Many peptide drugs have been developed into commercialized medicines using PLGA (poly(lactic-co-glycolic acid)) microsphere technology to enable long-term application through sustained release. For such development, stability improvements to avoid peptide degradation and to ensure optimized sustained drug release are of particular interest [1]. Peptide instability can be induced by exposure to various environmental stresses, such as high temperature, pH, light, adsorption, salts, metal ions, shear stress, freezing, drying, and organic solvent. Many strategies have been suggested to improve peptide stability, including the addition of a stabilizer, encapsulation, structural modification, or complexation with biocompatible molecules, and various micro-/nanoparticulate drug delivery systems [2]. The basic characteristics of a peptide should be completely understood to develop a final formulation for a successful peptide-injectable dosage form. In particular, a stability assessment on the effects of additives should be performed at the stage of preformulation [3]. The stabilities of encapsulated peptides are not equivalent to those of other biomaterials, even when the same amount of either drug is used. In addition, in order to solve the urgent instability problem of current marketed peptide medicines, the best way may be to improve by using FDA (Food and Drug Administration)-approved and easily applicable inactive ingredients. If information on the stabilizing effect of the additives is obtained at the preformulation step in advance, it can be applied quickly to settle an instability issue.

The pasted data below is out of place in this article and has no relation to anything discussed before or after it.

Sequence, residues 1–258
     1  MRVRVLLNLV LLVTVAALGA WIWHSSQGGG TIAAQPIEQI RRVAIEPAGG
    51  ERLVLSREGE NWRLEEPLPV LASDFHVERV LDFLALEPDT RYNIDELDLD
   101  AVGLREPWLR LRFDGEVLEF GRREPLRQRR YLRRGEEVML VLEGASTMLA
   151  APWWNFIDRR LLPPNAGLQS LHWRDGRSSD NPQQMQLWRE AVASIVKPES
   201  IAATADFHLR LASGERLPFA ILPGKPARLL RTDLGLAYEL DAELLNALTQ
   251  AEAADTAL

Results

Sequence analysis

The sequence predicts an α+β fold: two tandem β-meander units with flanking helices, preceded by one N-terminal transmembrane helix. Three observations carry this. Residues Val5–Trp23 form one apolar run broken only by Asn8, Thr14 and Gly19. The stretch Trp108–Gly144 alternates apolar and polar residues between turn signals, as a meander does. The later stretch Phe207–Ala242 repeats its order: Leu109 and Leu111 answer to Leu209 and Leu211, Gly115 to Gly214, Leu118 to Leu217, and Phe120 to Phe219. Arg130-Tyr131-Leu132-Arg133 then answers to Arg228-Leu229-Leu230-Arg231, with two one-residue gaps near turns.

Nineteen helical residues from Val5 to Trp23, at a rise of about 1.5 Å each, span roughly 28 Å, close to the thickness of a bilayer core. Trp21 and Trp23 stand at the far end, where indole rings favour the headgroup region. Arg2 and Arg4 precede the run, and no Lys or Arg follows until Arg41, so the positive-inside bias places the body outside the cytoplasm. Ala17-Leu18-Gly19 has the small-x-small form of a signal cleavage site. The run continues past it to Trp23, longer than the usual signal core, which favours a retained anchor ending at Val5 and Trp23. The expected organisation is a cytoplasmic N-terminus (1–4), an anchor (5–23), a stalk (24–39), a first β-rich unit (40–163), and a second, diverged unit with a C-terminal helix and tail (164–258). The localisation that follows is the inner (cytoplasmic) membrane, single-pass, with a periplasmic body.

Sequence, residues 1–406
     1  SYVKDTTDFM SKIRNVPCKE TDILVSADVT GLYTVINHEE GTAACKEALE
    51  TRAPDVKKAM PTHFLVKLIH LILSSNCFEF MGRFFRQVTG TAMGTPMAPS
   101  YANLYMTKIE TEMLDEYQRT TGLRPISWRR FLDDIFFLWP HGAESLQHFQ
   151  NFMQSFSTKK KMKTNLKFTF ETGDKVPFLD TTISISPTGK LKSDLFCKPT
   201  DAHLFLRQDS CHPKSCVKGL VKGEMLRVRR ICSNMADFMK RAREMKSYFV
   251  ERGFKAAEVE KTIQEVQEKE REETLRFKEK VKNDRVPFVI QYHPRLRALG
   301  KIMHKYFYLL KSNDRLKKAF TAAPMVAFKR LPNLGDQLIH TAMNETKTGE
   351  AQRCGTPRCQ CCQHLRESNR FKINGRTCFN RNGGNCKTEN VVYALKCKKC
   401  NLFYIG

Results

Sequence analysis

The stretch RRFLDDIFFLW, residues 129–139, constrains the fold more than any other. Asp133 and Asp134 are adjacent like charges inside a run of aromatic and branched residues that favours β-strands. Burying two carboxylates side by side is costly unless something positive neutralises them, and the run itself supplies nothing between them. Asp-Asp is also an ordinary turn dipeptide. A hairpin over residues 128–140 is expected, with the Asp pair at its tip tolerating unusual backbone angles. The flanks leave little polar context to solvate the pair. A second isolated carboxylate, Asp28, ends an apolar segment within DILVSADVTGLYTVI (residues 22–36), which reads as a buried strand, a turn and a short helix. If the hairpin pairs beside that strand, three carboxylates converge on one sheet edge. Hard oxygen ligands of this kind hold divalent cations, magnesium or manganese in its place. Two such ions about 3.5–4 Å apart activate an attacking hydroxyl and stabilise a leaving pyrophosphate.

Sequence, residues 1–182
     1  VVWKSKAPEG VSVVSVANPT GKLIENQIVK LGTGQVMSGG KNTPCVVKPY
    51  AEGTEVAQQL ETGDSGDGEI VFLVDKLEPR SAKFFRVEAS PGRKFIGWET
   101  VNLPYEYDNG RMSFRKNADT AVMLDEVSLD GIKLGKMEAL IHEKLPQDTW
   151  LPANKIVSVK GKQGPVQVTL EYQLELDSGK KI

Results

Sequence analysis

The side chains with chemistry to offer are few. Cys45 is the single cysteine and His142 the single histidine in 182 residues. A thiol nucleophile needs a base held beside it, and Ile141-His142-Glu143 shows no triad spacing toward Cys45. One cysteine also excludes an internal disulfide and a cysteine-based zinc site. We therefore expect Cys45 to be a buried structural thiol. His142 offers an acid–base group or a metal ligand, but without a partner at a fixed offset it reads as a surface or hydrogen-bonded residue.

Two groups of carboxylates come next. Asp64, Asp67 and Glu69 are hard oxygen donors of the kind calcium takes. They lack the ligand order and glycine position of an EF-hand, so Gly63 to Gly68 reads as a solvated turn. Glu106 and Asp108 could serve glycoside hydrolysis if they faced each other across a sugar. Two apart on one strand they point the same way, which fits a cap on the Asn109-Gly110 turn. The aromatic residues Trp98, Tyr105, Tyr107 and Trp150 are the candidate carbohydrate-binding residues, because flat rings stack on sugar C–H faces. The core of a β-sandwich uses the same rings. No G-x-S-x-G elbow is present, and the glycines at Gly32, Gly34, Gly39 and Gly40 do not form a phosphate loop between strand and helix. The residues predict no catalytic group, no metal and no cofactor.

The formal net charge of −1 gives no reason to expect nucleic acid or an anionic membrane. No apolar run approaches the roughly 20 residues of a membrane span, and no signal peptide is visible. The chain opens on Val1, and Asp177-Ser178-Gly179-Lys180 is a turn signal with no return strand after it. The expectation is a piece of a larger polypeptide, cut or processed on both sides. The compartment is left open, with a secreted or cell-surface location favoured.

Microencapsulation of peptides, such as PLGA microspheres, is generally designed to both counteract the instability of peptides and achieve sustained release over a prolonged period time. Multiple types of microsphere-manufacturing techniques have been developed, including the widely used extraction or evaporation of water-in-oil-in-water double emulsion (W/O/W) technique [4]. In addition, the drying process for producing the final formulation in a solid state has a very large impact on stability. The additives and compositions of each phase in double emulsion are critical factors for determining drug stability during the manufacturing process, drug release, and storage [5]. For example, an initial burst release followed by an incomplete release is frequently observed due to drug instability. They are common topics for research into sustained release formulations. The burst release problems could result from an undesirable peptide instability, like process-induced adsorption of the drug onto the surface of microspheres, due to poorly designed formulations. Moisture-induced aggregation and ionic interactions also often occur in the initial phase of the microsphere hydration. Later, incomplete release following initial burst release is frequently observed due to instability by acylation of peptides and PLGAs, with peptide adsorption to PLGA believed to be a common precursor to peptide acylation. During polymer erosion, non-specific protein adsorption onto surface areas that trigger degradation and covalent/noncovalent aggregation due to the formation of acidic PLGA degradation products is responsible for incomplete drug release [6]. As a result of difficulties in peptide stabilization in the PLGA microsphere, many strategies have been examined to improve peptide stabilization, but no prefect strategy currently exists to avoid instability issues [7].